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Girls’ maths results hit harder by Covid

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Girls' maths results hit harder by Covid

Girls’ results in reading and maths were more negatively impacted than boys during the Covid-19 pandemic, according to analysis.

The study by the Education Policy Institute (EPI) and education provider Renaissance analysed six million assessments taken by pupils from year three to nine in 2022/23.

They say the findings show the pandemic has had a bigger effect on girls than boys in reading, although girls still perform better.

According to the research, in primary reading, the gap in attainment narrowed by one month, meaning girls are 3.1 months ahead of boys.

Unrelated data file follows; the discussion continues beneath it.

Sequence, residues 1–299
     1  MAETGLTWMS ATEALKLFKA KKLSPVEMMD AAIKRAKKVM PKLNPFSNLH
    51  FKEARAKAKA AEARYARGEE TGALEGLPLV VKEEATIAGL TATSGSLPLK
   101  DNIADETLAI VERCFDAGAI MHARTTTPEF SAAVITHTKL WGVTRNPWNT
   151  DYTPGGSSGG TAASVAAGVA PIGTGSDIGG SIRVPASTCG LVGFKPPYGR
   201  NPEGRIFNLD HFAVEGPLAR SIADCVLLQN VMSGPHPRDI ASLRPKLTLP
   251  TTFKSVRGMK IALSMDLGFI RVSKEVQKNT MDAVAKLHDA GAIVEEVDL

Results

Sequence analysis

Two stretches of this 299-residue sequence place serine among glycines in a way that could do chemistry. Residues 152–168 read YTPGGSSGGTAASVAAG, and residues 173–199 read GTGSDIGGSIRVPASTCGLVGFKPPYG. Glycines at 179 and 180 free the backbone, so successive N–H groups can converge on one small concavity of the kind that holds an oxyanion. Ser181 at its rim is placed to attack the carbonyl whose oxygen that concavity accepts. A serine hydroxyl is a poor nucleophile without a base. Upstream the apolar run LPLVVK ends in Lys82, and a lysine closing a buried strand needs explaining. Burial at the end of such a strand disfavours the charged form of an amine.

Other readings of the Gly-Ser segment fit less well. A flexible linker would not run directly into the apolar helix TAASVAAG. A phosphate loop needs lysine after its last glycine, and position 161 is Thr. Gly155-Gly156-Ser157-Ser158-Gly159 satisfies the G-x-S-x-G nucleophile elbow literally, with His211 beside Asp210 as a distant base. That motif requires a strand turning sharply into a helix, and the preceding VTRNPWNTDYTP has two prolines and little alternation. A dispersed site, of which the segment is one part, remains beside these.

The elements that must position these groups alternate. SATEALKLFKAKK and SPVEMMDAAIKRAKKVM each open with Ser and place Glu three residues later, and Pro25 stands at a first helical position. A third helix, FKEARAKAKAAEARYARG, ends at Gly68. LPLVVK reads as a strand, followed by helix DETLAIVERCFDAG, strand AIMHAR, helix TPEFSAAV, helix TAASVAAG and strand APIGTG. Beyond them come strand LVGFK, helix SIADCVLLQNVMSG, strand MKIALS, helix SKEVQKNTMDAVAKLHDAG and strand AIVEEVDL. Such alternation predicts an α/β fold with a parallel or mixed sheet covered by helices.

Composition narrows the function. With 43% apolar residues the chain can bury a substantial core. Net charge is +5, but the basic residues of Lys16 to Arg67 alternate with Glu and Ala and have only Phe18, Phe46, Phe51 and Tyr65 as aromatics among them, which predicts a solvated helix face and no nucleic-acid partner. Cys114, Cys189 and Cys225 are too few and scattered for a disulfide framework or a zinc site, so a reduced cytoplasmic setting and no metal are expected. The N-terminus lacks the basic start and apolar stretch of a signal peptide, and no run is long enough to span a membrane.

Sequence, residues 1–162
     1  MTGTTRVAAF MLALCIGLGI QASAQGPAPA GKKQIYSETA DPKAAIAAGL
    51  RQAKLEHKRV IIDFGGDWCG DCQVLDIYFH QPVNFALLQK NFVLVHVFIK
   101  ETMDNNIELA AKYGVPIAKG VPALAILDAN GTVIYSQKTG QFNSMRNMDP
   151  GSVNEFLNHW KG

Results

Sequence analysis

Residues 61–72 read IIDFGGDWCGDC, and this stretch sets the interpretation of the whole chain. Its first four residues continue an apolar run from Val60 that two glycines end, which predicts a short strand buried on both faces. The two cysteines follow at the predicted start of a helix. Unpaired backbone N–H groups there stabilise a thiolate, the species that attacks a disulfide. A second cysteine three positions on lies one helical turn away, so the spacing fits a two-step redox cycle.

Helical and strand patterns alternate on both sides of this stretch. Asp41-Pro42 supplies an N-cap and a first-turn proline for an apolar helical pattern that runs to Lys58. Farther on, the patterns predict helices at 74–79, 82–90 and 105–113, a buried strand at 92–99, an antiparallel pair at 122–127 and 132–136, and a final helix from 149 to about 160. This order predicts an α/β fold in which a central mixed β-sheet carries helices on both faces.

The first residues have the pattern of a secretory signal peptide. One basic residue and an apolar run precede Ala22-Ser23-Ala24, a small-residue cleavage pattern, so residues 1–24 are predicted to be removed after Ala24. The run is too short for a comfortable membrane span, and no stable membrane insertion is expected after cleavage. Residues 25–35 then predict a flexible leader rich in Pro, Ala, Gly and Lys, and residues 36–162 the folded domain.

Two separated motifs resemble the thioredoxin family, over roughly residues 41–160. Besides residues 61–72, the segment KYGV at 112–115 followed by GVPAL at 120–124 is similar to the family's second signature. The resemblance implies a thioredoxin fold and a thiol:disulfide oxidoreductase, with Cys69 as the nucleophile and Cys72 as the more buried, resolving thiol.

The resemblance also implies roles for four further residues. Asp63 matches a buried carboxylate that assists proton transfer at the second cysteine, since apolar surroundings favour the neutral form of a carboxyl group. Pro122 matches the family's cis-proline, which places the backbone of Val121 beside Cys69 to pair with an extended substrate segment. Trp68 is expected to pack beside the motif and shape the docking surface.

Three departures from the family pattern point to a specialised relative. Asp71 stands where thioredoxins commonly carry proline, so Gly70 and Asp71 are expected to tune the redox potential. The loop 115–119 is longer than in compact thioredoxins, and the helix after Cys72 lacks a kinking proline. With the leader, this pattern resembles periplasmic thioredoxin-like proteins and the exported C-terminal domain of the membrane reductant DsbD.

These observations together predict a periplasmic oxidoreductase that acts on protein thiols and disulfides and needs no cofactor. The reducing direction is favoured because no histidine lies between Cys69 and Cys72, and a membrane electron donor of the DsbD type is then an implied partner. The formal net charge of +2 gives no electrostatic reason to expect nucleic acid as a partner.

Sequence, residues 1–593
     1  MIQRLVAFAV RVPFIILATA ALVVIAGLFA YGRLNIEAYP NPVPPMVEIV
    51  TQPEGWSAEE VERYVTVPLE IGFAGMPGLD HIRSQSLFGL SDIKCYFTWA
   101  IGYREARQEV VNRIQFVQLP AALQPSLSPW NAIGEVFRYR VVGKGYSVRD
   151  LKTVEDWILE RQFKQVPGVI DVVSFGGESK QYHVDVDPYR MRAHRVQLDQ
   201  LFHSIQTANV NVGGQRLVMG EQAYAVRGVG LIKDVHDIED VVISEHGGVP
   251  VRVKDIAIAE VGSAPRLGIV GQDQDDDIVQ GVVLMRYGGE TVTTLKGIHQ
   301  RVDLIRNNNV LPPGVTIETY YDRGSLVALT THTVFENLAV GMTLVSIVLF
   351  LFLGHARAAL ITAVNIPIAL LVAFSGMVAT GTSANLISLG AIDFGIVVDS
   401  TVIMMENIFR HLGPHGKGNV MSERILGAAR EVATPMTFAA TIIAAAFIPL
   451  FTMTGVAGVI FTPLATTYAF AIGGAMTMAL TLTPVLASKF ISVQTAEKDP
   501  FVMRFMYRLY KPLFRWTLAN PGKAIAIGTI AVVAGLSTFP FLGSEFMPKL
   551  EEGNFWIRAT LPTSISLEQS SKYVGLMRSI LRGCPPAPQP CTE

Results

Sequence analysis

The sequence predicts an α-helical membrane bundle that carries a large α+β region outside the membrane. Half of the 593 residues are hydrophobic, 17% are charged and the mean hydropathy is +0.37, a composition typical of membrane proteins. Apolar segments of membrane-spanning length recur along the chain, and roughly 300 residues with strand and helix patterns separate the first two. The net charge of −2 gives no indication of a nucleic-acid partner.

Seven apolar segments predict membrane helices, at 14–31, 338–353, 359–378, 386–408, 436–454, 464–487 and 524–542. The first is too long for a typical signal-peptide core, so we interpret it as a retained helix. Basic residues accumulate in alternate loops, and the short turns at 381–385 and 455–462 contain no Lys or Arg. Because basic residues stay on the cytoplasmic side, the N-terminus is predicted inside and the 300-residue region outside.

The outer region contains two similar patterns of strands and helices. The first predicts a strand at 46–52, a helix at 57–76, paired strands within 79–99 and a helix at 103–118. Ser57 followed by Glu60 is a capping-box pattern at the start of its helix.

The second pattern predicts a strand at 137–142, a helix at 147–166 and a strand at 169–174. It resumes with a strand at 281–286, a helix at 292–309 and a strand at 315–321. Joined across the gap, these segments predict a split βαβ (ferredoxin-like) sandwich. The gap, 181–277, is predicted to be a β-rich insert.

In secondary reading, the gap between girls and boys has narrowed by 1.2 months to 4.4 months.

In primary maths, results have fallen for both boys and girls, but girls have fallen further meaning the gap has widened by two months to 2.9 months in favour of boys.

The figures in secondary maths show results have fallen for both boys and girls, but the difference has narrowed by 3.6 months to just 0.3 months in favour of girls.

The study also found “substantial gaps” between geographic regions, with Yorkshire and Humber being the lowest performing region, with pupils 4.3 months behind peers in London in primary reading. Pupils in London saw their results increase the most, up by the equivalent of 1.4 months in primary reading.

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